Editor’s Note: This is part one in a series on suicide prevention and awareness. Details on the Safe Talk, Youth Mental Health and Adult Mental First Health courses, as well as other suicide and mental health resources in Nye County, will be presented in a future publication of the Pahrump Valley Times.
According to the National Institute for Mental Health, suicide is among the most prevalent causes of death in the U.S. With tens of thousands of people perishing from suicide each year, it is the 10th leading cause of death overall.
Perhaps more startling is the fact that for citizens ages 10 to 34, suicide was the second-leading cause of death in 2016. That same year, suicide claimed the lives of nearly 45,000 Americans, more than double the number of live lost from homicide and a rate of approximately 123 suicides per day, one every 11.7 minutes.
From 1999 to 2016, suicide rates have been on the rise nationwide, ticking upward by 28 percent from 10.5 to 13.4 suicides per 100,000 population. The statistics for males were highest, with men shown to have a four-times greater suicide rate than women at 21.3 per 100,000 compared to six per 100,000. Between the years 2008 and 2014, Nevada had one of the highest suicide rates, with 16.96 to 22.90 suicides per 100,000 residents.
Nevada may still rank fifth in the nation in terms of suicide but there is some good news to impart on that front. In the last reporting year, every single state in the U.S. saw its suicide rate increase, with the sole exception of the Silver State. The goal is to keep Nevada’s downward trend going and watch suicide rates drop each and every year, not just locally, but all across the country.
Many and varied factors can contribute to a person experiencing suicidal thoughts or actions, with each case situationally unique. Regardless of the why, however, one thing is certain; reaching out, offering a caring heart and ensuring whoever is in the grip of suicidal ideation knows they are not alone in their struggle, can make a huge difference.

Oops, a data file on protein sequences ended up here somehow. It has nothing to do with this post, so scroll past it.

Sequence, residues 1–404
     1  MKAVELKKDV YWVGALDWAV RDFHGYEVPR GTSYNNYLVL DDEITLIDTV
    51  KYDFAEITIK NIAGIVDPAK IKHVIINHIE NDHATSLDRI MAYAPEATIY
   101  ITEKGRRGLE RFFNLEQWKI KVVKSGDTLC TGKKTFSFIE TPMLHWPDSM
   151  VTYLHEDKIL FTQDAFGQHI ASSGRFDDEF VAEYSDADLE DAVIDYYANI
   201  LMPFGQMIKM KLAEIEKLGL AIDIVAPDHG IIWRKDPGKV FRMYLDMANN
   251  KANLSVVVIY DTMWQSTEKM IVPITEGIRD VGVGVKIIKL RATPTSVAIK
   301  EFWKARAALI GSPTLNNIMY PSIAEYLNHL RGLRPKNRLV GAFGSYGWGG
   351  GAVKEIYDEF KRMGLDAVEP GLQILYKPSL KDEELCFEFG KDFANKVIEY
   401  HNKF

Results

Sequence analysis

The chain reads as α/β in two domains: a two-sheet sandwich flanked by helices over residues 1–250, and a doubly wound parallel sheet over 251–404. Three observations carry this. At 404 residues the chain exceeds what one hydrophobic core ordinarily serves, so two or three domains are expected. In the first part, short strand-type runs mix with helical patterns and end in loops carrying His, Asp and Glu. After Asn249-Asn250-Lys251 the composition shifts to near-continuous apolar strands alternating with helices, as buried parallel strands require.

Kim Johnson and Alicia Lewis are two of Nye County’s key players when it comes to local suicide prevention efforts. Johnson heads the NyE Communities Coalition’s Prevention and Wellness programs, including Safe Schools, Healthy Students, while Lewis is a licensed social worker working in the heart of Nye County’s schools.
Both are dedicated to promoting mental health with a large focus placed on suicide awareness. Each also holds certifications authorizing them to teach Safe Talk, Youth Mental First Aid and Adult Mental First Aid training courses, as well as certifications for Applied Suicide Intervention Skills Training. The number one thing for people to know, the two agreed, is that talking about suicide is the most effective measure a person can take to help prevent tragedy.
One of the largest obstacles for prevention is the lack of willingness to discuss the issue, Johnson and Lewis explained. Suicide is something of a “hush-hush” subject for many and this does nothing to help remedy the alarming statistics. Only a readiness to tackle the tough topic head-on can result in any improvement. Though many may believe they themselves cannot make a difference, the truth of the matter is that for every person maintaining vigilance against the scourge of suicide, more lives can be saved.